“I plan to go to college because I want to have a better future,” says Chamilie Aguilar Garfias.
“I want to go to college because I could make my dreams come true, and I want to have a job of being a dentist,” says Leslie Villatoro.
“My mom never had a chance to go to college, and I want to make her proud,” Daniella Lopez adds.
The third- and fourth-graders in Tristin Jarmer’s class at Reedville Elementary School have big dreams. And Jarmer, a 2012 graduate of Pacific University’s master of arts in teaching program, hopes to help those dreams come true.
Almost every student in her bilingual class says that their parents expect them to go to college — it’s not an if, it’s a when.
“That’s probably their No. 1 goal for you,” Jarmer tells her students. “For you to have more opportunities than they did.”
Jarmer knows that was her own parents' dream. Her father went to college on a football scholarship but dropped out before graduating. She said he always expected his children to finish.
She earned a liberal arts degree from Portland State University (spending time abroad in Chile), then worked for the Washington County District Attorney’s Office as a victim advocate for five years before turning to Pacific, where she went to part-time classes in the evening for more than a year to earn a master’s degree in teaching.
“I loved Pacific,” she said.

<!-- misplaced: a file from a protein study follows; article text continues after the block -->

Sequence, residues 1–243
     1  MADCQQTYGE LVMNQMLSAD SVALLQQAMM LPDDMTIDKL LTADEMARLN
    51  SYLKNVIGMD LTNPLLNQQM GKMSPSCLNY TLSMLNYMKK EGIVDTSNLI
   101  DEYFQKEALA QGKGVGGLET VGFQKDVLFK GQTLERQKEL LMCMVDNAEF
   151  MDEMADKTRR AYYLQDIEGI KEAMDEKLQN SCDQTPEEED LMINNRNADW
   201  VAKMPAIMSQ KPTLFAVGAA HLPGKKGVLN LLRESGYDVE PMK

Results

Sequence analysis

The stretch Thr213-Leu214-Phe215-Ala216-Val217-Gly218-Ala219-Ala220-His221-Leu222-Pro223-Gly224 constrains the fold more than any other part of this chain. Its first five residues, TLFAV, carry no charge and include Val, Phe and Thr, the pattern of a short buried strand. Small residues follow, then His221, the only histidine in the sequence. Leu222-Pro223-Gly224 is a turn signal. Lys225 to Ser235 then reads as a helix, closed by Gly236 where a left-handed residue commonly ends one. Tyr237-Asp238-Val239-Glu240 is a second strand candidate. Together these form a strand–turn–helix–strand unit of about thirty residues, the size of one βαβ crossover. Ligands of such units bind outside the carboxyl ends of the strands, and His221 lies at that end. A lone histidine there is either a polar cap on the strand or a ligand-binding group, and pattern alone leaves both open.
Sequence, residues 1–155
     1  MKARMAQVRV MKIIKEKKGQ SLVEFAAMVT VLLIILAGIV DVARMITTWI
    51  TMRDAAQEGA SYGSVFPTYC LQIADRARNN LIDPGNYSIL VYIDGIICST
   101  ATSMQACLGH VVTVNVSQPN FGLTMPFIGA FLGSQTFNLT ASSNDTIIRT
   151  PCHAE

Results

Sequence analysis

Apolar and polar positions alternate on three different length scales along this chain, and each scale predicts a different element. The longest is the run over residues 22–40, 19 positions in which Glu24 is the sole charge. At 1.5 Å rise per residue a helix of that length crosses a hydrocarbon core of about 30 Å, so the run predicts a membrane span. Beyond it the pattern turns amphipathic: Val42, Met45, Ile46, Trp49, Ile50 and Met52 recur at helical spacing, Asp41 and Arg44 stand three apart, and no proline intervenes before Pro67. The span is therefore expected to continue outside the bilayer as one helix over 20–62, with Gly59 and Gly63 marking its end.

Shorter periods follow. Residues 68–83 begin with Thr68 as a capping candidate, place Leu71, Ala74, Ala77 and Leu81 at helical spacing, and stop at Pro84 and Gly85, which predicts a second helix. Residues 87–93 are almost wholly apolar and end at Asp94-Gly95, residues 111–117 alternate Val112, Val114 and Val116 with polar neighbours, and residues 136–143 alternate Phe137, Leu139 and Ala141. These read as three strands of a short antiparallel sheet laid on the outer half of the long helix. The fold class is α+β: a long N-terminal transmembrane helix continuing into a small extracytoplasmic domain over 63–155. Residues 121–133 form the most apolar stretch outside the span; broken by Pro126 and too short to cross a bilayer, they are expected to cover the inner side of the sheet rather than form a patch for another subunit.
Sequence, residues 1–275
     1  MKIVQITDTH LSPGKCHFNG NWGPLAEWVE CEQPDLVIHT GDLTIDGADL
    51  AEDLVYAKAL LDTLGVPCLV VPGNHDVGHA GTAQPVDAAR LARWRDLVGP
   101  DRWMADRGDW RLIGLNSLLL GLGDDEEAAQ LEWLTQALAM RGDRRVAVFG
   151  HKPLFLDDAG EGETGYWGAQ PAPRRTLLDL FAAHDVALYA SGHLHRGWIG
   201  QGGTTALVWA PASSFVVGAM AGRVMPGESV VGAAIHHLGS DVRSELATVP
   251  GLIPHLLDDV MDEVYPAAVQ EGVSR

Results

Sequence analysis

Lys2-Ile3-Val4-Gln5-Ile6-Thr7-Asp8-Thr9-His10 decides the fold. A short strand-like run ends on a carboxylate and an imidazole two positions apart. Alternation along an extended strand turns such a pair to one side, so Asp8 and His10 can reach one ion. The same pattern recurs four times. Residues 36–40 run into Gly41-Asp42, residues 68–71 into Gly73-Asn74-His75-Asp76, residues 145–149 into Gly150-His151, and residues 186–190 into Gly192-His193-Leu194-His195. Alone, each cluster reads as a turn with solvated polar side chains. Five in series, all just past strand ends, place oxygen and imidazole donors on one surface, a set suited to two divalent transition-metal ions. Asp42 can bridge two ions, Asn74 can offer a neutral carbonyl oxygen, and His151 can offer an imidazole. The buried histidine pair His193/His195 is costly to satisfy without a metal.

“The professors were so real, so laid back, talking about real things that happen, not an idealized world.
“It was a very small cohort, which was excellent after PSU … and we had great student teaching placements.”
She was able to complete an international placement, again in Chile — what she calls her “go-to place” after four trips abroad — and also to earn an endorsement in English for Speakers of Other Languages (ESOL), which allows her to teach in the dual-language program at Reedville.
She credits Pacific, her master’s degree and her bilingual skills for having a teaching job right after graduation, first in the Salem-Kaiser School District and now at Reedville.
“Teaching is really hard. It’s way, way, way harder than I thought it would be. But the great thing about elementary kids is … even if you’re not your best, they think you’re the greatest thing. They love you.”